University of Hawai'i Internal Medicine Residency Program, Honolulu, HI (M.J.A.).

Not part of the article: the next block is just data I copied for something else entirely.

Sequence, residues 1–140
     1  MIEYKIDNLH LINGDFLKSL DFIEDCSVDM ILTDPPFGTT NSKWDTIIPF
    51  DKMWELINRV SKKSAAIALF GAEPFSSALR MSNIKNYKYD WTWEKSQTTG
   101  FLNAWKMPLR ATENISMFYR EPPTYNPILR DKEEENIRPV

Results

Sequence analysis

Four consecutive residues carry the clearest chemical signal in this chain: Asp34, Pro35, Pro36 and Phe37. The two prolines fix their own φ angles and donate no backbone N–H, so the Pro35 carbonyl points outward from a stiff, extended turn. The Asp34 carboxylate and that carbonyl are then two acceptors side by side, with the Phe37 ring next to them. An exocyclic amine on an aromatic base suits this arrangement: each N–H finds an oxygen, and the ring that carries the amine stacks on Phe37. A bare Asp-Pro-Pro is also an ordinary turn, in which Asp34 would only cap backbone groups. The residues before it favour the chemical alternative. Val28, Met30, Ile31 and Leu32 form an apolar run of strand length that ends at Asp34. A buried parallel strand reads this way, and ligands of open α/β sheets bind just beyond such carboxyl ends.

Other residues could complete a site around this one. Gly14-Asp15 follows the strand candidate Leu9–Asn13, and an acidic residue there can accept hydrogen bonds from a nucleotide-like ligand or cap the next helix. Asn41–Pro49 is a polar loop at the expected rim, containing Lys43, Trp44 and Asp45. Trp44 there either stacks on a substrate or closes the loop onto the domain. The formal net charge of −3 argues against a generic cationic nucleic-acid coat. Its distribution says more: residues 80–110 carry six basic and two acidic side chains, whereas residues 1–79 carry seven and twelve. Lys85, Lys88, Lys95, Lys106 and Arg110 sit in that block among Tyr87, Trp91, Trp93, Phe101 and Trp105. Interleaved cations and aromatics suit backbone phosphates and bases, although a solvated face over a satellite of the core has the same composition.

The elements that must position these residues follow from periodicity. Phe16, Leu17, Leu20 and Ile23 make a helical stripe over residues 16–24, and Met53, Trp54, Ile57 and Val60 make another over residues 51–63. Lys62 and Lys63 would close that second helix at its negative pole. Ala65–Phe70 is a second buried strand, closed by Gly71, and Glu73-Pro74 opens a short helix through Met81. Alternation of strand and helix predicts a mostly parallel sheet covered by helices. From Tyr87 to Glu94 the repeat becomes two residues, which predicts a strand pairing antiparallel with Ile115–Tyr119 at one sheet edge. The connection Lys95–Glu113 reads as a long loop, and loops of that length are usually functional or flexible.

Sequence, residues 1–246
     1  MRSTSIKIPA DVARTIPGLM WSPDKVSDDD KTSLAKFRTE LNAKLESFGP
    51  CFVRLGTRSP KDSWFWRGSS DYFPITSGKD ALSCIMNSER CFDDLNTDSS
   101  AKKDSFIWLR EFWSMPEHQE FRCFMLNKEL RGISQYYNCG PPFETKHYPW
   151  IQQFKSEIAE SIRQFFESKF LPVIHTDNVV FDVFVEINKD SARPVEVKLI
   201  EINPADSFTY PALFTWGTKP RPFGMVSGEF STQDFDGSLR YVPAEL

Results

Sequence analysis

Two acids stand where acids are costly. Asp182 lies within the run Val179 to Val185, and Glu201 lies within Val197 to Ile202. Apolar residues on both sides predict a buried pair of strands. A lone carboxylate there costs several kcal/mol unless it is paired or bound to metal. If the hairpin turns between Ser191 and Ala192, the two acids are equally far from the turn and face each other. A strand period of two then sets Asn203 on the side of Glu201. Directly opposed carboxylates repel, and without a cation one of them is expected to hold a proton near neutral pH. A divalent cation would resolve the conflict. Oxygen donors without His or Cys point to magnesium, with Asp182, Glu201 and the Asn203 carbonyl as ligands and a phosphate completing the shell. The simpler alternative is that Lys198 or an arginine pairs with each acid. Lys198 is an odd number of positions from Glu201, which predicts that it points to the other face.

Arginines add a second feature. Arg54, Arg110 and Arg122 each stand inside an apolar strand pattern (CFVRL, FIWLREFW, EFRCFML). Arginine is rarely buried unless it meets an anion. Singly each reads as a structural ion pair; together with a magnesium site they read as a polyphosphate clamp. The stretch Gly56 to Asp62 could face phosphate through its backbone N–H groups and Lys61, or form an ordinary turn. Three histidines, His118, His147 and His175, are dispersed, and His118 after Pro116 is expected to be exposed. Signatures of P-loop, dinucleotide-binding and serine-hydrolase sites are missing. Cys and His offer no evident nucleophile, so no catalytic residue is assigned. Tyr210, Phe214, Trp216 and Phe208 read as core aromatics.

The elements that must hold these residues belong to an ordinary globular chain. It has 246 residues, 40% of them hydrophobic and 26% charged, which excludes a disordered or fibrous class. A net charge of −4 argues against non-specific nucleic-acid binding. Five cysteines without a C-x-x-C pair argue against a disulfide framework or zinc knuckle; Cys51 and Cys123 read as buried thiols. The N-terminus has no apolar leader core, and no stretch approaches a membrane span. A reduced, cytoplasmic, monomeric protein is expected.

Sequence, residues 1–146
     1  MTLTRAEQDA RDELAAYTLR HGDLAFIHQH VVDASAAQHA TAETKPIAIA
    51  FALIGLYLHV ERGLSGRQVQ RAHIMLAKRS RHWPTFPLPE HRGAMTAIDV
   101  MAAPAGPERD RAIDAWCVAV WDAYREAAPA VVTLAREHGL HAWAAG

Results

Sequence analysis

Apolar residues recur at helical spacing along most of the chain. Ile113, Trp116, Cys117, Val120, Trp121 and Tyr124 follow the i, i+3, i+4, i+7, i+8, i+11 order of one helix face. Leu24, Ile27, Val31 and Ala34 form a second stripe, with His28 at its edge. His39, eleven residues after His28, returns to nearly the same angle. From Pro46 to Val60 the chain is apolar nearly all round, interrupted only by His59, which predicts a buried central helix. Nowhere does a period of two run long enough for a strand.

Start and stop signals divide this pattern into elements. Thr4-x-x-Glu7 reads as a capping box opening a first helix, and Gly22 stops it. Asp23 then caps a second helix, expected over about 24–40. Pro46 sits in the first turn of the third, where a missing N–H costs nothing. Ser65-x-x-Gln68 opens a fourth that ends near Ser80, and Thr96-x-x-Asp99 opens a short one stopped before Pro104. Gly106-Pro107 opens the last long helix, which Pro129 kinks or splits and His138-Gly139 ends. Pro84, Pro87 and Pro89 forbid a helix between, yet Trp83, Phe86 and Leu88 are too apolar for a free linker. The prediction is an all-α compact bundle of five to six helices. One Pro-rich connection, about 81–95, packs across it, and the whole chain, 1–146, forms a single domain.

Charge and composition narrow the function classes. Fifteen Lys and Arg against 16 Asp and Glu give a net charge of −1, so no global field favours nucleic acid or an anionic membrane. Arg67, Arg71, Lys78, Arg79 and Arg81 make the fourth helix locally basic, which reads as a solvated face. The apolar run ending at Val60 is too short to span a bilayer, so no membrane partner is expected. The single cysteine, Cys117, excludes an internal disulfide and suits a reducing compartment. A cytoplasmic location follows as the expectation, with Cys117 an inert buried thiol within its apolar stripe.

Recent advances in treatment of chronic hepatitis C virus have improved significantly due to the introduction of two new protease inhibitors-telaprevir and boceprevir. In combination with the previous standard of care, peginterferon and ribavirin, telaprevir and boceprevir have demonstrated improved sustained virologic response rates for HCV genotype 1 patients by approximately 30%. The purpose of this study was to assess the validity of large clinical trial data with respect to efficacy and side effects in a community setting in Honolulu, Hawai'i. This retrospective study was performed by reviewing the charts of 59 chronic HCV patients who were started on triple therapy from July 1, 2011 to July 7, 2012. Sustained virologic response was attained by 73% of patients treated with telaprevir and 46% of patients treated with boceprevir respectively. Our clinical experience with telaprevir demonstrates that SVR rates are compatible with published literature values. Rates of SVR in our cohort were also similar to those reported in cirrhotic patients - about 50%. Due to small number of patients treated with a boceprevir-based regimen, it is difficult to compare our experience with pivotal trial experience. The side effect profiles for the two protease inhibitors were similar to the literature values except for more rectal irritation and a higher incidence and severity of anemia on telaprevir therapy in the clinical setting. While not intended to be conclusive, our study demonstrates that clinical trial data are largely compatible with the outcomes obtained in our community setting.